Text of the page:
Reviving Stellat’en First Nation culture, language with new centre

Northern B.C.’s Stellat’en First Nation now has a dedicated headquarters to preserve and revive its language and culture.

Visitors to the grand opening on Dec. 1 were welcomed with a traditionally tanned deer hide displayed by the centre’s entrance and 16 elders in regalia presented the origin of their hereditary names.

Northern B.C.’s Stellat’en First Nation now has a dedicated headquarters to preserve and revive its language and culture.

This winter on Dec. 1, the Stellat’en Language and Cultural Centre Whutsunadilh ba yah opened with traditional smudging by elder Roy Nooski of Nadleh First Nation and a blessing from Father Vincent James of St. Andrew’s Catholic Church.

Visitors to the grand opening were welcomed with a traditionally tanned deer hide displayed by the centre’s entrance and a display of English- and French-Carrier dictionaries produced by missionary Father Adrien-Gabriel Morice, who was posted to north central B.C. in the late 19th century.

As the home for community education programs, the centre will also house a studio for recording the Stellat’en dialect of the Carrier language from the remaining fluent speakers of the community. According to a community survey conducted several years ago, less than 10 per cent of the Stellat’en are fluent speakers, said Dennis Patrick, Stellat’en’s technical assistant in research and preparation of the traditional language.

In partnership with local agencies last spring, Carrier translations are added to the signage for Fraser Lake landmarks including the local health clinic and Mouse Mountain to promote language.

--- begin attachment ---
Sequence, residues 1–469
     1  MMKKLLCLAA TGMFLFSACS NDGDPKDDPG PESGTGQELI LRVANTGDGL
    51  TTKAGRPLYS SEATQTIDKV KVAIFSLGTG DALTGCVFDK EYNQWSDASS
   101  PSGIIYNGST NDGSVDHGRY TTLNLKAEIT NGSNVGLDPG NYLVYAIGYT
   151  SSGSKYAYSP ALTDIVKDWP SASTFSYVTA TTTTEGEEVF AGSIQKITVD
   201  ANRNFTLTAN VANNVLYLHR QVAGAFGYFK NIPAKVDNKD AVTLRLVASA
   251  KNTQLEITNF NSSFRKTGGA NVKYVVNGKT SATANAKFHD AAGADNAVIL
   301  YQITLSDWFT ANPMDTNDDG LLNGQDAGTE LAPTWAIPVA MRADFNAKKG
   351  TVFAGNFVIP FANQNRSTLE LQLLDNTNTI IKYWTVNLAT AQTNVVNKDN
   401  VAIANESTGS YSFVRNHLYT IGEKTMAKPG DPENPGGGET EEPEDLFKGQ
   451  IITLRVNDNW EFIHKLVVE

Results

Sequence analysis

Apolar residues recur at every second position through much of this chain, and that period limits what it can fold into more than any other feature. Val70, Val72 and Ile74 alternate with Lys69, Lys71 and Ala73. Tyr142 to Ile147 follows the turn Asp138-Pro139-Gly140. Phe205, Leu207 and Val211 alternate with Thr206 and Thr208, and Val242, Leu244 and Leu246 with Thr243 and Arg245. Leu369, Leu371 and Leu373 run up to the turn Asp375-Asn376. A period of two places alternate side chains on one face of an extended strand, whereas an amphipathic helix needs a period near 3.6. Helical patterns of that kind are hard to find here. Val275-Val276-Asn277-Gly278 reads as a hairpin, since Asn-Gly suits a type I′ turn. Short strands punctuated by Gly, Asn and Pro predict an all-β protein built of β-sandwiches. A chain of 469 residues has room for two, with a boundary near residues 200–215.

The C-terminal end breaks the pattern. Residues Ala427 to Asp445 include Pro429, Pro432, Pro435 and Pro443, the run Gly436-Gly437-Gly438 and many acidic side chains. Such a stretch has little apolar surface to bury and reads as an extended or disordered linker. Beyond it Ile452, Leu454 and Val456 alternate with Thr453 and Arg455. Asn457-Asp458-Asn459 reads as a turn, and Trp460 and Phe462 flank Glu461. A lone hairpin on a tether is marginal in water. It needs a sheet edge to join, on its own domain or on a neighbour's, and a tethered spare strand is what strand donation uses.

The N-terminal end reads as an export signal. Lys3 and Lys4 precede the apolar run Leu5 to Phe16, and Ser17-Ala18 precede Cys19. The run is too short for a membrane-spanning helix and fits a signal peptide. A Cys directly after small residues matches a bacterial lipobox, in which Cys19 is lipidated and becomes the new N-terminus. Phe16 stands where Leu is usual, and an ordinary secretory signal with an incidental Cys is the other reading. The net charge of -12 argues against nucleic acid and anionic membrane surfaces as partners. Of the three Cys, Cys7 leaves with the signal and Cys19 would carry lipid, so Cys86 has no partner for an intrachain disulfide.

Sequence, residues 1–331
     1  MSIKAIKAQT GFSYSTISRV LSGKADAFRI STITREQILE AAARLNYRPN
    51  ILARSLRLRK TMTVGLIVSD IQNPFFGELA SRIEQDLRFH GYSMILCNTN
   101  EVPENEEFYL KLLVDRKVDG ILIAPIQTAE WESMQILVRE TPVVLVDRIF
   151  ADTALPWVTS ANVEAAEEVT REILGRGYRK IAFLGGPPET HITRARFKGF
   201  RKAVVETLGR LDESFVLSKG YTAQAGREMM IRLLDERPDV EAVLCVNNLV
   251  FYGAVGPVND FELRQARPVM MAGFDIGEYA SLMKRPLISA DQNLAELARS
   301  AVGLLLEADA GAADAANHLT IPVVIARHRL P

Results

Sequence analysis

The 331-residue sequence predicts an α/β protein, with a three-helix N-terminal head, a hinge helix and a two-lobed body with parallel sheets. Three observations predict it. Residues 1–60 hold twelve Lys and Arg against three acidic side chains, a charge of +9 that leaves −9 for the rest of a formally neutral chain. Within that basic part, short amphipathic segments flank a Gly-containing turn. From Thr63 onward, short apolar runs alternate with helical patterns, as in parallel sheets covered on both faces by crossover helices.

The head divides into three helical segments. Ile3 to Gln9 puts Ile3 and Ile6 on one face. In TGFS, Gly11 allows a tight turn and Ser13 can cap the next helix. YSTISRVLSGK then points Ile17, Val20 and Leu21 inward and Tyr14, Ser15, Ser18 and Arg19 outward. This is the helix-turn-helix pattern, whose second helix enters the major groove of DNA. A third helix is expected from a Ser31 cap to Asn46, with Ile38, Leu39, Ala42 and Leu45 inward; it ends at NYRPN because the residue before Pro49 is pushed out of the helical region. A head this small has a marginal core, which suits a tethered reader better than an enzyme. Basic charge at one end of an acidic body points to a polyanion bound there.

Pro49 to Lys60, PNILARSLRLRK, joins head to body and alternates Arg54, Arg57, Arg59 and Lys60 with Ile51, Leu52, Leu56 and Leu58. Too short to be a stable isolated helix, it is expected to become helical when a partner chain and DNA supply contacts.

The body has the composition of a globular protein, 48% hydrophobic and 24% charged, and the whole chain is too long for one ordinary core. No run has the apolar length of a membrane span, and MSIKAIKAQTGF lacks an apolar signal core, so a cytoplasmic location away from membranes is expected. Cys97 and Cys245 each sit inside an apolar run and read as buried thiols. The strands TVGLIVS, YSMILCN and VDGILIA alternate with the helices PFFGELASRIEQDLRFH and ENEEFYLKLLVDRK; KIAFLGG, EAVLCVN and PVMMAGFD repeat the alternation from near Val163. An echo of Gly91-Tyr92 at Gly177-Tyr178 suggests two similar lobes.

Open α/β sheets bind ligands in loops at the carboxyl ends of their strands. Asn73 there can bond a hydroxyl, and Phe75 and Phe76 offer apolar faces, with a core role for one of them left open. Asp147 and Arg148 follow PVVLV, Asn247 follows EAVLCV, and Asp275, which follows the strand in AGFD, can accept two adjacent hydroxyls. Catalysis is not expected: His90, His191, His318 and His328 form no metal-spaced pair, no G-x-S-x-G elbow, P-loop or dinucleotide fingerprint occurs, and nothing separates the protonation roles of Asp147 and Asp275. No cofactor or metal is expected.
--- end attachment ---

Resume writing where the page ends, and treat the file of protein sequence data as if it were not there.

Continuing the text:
“We look at [visual minorities] here now, speaking their language, and we weren’t able to,” Patrick said.

Language recording is just the beginning, as the project will next continue with gathering stories and traditional knowledge from Stellat’en members who live locally or have relocated to other parts of the world.

“Like for Fraser lake and Francois Lake, we have all the stories behind that,” Patrick said. “For example, our name for Mouse Mountain is casusoqn, which means the thumb of sasquatch.”

The history of the Stellat’en was previously transmitted as urban legends and stories through word of mouth, with a lineage that extends to the Hazelton region.

“Over the years we lost members that have the wisdom, but fortunately we have some left,” he said. “Next thing is to have the information verified and proved before released into the public.”

Relearning the language and culture, with their ties to many aspects of life — such as hunting, fishing, berry picking, hides tanning, and harvesting for winter — is an opportunity to explore a traditional lifestyle.

“It’s a repatriation of our spirit to the land,” Patrick said. “Now we are stuck to our phone or satellite or TV.

“We like to go back to the ways of our living, keep the modern devices out, and learn the things that our ancestors used to do.”

The evening of celebration concluded at the Stellat’en hall with dinner and introduction of 16 elders in regalia from Stellat’en and Nadleh, presenting their earned hereditary names, origins, and significance in heritage.

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